The year was 1971. I had just completed my Form IV secondary education at the-then Mkwawa High School,in Iringa town. And now one of my aunts had invited me to visit her in Dar es Salaam, where she was employed by a major public company. Naturally, I was excited, as this was going to by my first experience of Dar es Salaam. I had grown up and attended all my primary and secondary schooling in Njombe and Iringa regions in the southern highlands zone.
I boarded one of the-then East African Railways and Harbours Services (EARHS) buses from Iringa to Dodoma on my way to Dar es Salaam. The EARHS was then under the first East African Community (1967-77), serving its member-nations of Uganda, Kenya and Tanzania. But, the buses did not have direct services between Iringa and Dar es Salaam.
That was why I had to go to Dodoma where I caught the East African Railways train from Kigoma to Dar es Salaam. Again, this was a novelty: my first train ride ever. Early the following morning, the train huffed and puffed its way into Dar es Salaam. I must admit I was amazed. But I was also shocked by the excessive heat and humidity in this part of Bongoland.
As I was new in the city I had to wait at the Central Railway Station, for an hour or so, before my aunt arrived to pick me up.
She took me to her Mwananyamala-A National Housing Corporation quarters where I spent my first night in Dar es Salaam.
On account of the excessive heat and humidity - which was almost suffocating me - I literally slept naked and guzzled down almost half a gallon of water. Then, to acquaint me with the city, my aunt used to allow me to accompany her to her workplace near the Old Post Office in the Central Business District (CBD).
That is when I noticed and marvelled at the efficient and timely services of the public buses operated by UDA (Usafiri DAr es Salaam).
Every fifteen minutes, there would be an UDA bus passing by our bus stand along Mwananyamala Road, to the city centre. The bus drivers stuck to their timetable to the minute. I was greatly impressed.
I soon became a ‘Dar es Salaamite’ - and even got temporary employment as a cashier in one public company in the city. I indeed did enjoy my stay in Dar es Salaam, as the excessive heat and humidity had become a non-issue!
As a ‘rookie Dar es Salaamite,’ I soon became a frequent patron on the many joints where music for the interested was available. These included The Princess Hotel, facing the Mnazi Mmoja Gardens where the Afro-70 band performed; the Splendid Hotel along Independence Avenue - ‘home’ to The Sunbursts band of the-then ‘Zaire’ - and the Forodhani Hotel (now housing the Court of Appeal), where The Safari Trippers performed. Little did I know then that, after my schooling, I’d spend more than fifteen years in this city. However, during those years, I would sadly witness steady but sure deterioration of what was once a lovely, pristine city - changing from the serene and orderly metropolis I saw in 1971 to a chaotic, noisy and disorderly one.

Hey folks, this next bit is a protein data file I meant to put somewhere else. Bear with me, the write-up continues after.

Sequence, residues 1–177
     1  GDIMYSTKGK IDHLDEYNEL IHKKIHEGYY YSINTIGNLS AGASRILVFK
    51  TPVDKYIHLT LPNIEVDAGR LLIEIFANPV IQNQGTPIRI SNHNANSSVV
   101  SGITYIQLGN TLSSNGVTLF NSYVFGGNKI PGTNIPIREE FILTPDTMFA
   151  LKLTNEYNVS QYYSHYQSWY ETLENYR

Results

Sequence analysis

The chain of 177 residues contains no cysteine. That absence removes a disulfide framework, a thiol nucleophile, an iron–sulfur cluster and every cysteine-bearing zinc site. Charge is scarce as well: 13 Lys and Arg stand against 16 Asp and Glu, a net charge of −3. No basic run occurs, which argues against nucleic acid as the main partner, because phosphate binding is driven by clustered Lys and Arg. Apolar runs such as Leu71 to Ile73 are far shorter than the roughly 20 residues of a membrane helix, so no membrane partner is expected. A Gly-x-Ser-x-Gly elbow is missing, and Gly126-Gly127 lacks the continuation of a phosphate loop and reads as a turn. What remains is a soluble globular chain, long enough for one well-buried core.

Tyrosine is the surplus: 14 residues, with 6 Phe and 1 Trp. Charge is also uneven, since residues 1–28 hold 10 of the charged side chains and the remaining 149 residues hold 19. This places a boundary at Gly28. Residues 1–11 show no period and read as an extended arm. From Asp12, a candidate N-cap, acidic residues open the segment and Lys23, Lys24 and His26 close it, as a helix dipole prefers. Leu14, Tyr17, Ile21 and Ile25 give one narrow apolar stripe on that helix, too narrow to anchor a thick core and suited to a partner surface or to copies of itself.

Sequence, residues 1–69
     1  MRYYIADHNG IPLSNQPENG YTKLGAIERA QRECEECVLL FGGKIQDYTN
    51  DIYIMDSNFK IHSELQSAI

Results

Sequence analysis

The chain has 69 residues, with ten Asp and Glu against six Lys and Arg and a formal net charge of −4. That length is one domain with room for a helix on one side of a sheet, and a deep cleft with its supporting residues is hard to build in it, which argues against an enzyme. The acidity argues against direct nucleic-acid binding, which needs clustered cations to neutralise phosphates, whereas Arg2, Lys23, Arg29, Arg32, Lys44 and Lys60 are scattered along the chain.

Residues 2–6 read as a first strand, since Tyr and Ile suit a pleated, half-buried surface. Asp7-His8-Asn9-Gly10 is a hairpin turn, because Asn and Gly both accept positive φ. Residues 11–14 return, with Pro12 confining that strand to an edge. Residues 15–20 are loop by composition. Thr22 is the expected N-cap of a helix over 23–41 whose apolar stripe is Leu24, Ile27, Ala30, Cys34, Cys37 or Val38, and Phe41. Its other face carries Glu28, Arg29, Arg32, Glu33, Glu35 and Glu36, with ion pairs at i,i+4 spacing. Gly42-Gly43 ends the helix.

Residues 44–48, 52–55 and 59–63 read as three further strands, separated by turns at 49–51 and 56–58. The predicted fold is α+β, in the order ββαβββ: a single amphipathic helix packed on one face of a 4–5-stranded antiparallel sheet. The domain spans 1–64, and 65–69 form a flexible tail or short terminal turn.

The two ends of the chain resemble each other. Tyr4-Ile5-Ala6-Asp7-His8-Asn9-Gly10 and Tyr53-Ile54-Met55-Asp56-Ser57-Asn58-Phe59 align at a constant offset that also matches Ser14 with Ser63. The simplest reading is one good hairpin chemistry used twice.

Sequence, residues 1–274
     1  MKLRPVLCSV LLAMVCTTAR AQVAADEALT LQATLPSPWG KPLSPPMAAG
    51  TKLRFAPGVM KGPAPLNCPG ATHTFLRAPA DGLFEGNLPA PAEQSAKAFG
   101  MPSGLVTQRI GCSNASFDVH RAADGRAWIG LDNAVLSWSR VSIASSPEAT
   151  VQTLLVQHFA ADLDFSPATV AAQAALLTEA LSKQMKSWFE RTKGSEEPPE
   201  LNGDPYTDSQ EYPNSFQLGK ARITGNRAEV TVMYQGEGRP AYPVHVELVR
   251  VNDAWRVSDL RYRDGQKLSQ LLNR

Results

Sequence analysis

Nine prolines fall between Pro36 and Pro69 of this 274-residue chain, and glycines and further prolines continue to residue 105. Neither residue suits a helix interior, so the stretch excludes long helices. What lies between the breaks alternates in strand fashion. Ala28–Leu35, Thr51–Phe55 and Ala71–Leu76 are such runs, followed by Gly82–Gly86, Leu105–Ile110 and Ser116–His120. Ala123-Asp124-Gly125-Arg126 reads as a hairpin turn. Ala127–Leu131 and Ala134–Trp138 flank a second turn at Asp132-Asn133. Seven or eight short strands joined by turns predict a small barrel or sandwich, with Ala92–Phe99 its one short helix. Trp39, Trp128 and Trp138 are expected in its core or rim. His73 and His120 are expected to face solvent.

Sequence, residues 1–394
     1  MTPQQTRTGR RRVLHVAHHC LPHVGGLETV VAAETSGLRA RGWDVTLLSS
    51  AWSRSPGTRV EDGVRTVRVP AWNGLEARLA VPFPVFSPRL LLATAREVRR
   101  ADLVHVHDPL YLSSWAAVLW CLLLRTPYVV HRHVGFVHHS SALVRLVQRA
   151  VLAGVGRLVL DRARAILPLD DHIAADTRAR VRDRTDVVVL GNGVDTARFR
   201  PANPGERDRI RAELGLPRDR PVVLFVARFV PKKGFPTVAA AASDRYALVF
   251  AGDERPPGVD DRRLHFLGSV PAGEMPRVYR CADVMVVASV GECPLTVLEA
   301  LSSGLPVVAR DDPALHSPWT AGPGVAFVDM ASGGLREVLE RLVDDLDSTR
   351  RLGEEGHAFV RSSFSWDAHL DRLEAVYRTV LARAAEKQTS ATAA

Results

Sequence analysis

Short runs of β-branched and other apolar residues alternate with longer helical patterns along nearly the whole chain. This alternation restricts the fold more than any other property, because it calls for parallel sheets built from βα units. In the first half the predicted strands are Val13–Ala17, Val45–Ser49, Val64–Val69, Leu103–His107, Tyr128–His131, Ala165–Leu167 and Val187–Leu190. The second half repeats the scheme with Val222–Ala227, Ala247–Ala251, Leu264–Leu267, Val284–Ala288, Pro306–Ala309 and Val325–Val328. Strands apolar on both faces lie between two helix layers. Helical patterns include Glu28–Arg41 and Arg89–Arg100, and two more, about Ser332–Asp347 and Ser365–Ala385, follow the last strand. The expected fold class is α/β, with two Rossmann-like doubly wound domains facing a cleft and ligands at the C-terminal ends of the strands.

The smart bus timetables went to the dogs, and public buses became deadly contraptions packed sardines-like with sweaty commuters.
The once neat and orderly National Housing Estates in Kinondoni, Mwananyamala, Magomeni, Keko, etc., fell into disrepair, becoming dangerous, unhealthy ghettos. Roads got pot-holed... In fact, the city seemed to be falling apart. Dirt and peeling paint covered the walls of most buildings. That 1971 experience - when I last took that particular train trip - haunted me the other day as I again travelled by train from ‘Idodomya’ to Dar es Salaam!
Things have changed a lot - and for the better - since then. On the way, I saw from the train windows impressive works on the new standard gauge railway (SGR) under construction. I saw mushrooming modern industries and smart townships as we chug-chug-chugged along the way. The biggest change and contrast in Dar es Salaam was the modernisation of the facilities and structures in and around the Central Railway Station district.
Modern high-rise buildings are now competing to reach the sky. Roads with flyovers and interchanges are being constructed. A long bridge across the seafront is also being constructed.
Plying special carriageways are ‘Mwendo Kasi’ commuter buses. Modern hotels and restaurants are in place...
This is in contrast with the sleepy Dar es Salaam of 1971 - and, subsequently, chaotic, sprawling city that it had become in the late 1970s and early ’80s.
The new Dar es Salaam is a promising hope for a modern, vibrant and thriving future. It is my fervent hope and prayer that these positive changes will continue - and be sustained. But that is still a long way to go. Improved and expanded drainage systems are still a problem.
Also, there is still a need to plant more trees, expand existing gardens and establish new ones in the city and surrounding areas. This would, I am sure, go a long way in not only beautifying the city, but also to alleviating the notorious excessive heat and humidity in this coastal metropolis. All in all, however, I still love Dar es Salaam, ‘Bandar-Salama’ - or whatever!